THE MARA MOBILE VETERINARY UNIT
REPORT FOR - July 2016

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FIELD VETERINARY REPORT FOR MASAI MARA CONSERVATION AREA -JULY 2016.

By Dr. Campaign K.Limo

Introduction

The month was characterised by a drop in precipitation and an influx of wildebeest into Mara from Serengeti as the time coincides with their annual migration. There is also an increase of tourists to witness this spectacle. There is still plenty of food and water for the wildlife to utilise.

Follow-up on several cases handled the previous month including the injured rhino indicate they responded well and are now recovered.

The following are cases that were handled during the period under review;

CASE#1 ASSESSMENT OF AN ELEPHANT BULL

Date: 13th July 2016

Species: African elephant

Sex: Male

Age: Adult

Location: Olarro Conservancy (Siana)

History

This massive bull was seen by Olarro Conservancy rangers in company of two other equally big bulls within Siana area with a slight whitish discharge on his right flank. They reported to have seen him two days before with a small closed swelling on the same spot but feeding normally. They informed the mobile veterinary unit for assessment and advice on the way forward.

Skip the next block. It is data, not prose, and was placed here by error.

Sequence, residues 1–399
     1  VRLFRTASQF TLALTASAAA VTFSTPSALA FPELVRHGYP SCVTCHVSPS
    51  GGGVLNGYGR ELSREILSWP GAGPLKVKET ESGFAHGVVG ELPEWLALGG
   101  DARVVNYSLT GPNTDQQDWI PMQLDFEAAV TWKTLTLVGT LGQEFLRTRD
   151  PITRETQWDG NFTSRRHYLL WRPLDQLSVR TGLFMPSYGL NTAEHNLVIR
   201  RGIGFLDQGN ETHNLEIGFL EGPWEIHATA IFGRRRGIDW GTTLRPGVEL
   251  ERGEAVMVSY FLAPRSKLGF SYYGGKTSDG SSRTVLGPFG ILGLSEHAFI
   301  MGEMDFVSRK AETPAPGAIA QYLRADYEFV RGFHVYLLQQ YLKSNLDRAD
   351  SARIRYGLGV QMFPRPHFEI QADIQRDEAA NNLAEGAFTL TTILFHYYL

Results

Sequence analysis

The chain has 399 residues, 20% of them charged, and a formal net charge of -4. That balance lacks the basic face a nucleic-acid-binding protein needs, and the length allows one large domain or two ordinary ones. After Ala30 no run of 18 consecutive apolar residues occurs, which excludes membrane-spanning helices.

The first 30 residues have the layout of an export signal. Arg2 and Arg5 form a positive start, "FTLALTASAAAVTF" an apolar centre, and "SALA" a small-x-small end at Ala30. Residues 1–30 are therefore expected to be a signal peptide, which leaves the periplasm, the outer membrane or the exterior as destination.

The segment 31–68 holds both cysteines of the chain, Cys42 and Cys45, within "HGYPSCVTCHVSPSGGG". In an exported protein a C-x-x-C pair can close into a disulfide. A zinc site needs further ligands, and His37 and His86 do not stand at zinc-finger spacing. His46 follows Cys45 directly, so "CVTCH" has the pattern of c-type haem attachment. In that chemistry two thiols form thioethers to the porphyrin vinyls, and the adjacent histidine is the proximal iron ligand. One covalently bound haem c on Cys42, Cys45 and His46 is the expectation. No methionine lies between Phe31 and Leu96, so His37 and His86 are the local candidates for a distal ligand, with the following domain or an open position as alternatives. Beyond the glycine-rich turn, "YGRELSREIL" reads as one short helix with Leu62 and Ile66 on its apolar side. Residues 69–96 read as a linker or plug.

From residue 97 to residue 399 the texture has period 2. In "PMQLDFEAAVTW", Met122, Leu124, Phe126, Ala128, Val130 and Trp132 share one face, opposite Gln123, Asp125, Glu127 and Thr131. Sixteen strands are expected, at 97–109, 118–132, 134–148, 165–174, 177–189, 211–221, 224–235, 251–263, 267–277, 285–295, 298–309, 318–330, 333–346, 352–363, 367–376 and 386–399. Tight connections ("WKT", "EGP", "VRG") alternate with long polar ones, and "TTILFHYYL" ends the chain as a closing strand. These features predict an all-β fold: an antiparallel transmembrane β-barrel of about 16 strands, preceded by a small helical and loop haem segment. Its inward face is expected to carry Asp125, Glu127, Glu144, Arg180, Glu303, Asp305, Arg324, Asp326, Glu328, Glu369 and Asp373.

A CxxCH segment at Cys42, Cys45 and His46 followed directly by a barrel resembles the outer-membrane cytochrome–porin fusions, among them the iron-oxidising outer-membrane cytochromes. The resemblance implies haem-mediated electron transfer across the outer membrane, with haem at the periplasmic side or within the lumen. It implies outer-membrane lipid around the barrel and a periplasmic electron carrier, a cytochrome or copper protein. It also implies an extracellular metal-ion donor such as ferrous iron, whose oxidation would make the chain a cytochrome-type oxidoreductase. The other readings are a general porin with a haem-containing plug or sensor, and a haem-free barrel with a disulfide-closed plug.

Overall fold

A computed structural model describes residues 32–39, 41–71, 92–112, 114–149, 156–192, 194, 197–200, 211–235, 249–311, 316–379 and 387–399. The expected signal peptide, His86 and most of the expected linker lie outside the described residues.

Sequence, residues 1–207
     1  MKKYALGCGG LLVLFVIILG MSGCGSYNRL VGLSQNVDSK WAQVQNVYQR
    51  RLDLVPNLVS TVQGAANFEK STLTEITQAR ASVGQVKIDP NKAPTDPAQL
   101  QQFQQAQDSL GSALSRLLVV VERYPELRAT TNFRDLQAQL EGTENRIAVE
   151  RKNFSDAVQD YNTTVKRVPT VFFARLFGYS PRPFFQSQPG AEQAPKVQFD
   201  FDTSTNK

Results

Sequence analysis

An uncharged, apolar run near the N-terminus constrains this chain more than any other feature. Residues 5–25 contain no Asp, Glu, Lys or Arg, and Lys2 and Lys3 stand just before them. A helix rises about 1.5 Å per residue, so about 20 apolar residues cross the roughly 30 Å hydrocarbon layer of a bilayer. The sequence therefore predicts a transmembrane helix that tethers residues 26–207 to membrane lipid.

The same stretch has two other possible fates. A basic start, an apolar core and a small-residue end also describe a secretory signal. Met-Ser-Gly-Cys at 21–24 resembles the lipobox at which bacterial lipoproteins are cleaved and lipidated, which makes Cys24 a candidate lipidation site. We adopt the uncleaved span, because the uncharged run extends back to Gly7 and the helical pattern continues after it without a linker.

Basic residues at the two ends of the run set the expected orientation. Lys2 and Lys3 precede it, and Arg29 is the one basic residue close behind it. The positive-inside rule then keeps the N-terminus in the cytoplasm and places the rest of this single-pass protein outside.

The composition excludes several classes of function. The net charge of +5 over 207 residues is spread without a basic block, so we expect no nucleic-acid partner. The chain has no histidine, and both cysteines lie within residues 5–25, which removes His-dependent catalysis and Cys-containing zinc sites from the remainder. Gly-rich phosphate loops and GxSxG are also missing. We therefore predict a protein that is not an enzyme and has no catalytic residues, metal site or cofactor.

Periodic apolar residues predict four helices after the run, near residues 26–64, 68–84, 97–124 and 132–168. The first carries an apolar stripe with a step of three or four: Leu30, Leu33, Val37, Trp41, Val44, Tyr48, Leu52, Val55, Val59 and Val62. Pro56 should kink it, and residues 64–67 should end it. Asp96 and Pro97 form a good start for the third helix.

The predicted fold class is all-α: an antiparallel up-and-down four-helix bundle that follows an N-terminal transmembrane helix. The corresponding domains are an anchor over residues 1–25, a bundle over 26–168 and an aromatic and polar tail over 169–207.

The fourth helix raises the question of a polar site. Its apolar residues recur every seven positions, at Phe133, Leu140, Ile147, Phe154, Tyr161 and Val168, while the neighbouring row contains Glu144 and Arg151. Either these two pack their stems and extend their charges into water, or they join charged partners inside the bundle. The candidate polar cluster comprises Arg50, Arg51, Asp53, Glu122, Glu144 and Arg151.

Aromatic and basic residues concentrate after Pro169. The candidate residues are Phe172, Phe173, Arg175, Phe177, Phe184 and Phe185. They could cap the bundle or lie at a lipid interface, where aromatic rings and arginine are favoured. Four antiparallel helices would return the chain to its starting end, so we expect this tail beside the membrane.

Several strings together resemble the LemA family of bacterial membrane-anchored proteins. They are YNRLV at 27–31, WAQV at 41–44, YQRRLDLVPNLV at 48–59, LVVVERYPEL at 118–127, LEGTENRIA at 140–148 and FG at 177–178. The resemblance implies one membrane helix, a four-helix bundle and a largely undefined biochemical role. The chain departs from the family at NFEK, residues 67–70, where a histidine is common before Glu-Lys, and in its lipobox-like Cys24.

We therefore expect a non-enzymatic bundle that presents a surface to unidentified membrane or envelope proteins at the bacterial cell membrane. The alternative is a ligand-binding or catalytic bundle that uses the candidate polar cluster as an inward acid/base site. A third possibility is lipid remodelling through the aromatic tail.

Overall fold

General observation:

This bull was found in the company of three other males browsing in a small thicket full of acacia trees.

All of them were feeding normally and in good body condition. Examination of this particular bull showed he had a small shallow abscess that had recently ruptured discharging all the pus out. At the time of arrival, the wound was dry with all the pus drained out. Nothing unusual in the behaviour and body condition of this bull was noticed. Closer examination revealed no foreign body lodged but just a normal abscess that ruptured.

An elephant is seen with an injury  An elephant is seen with an injury

After weighing in the options, it was decided not necessary to immobilise this elephant as the condition did not warrant intervention. The elephant was in good shape and could heal without intervention. The Olarro management was advised to monitor this bull and report to the unit on his progress.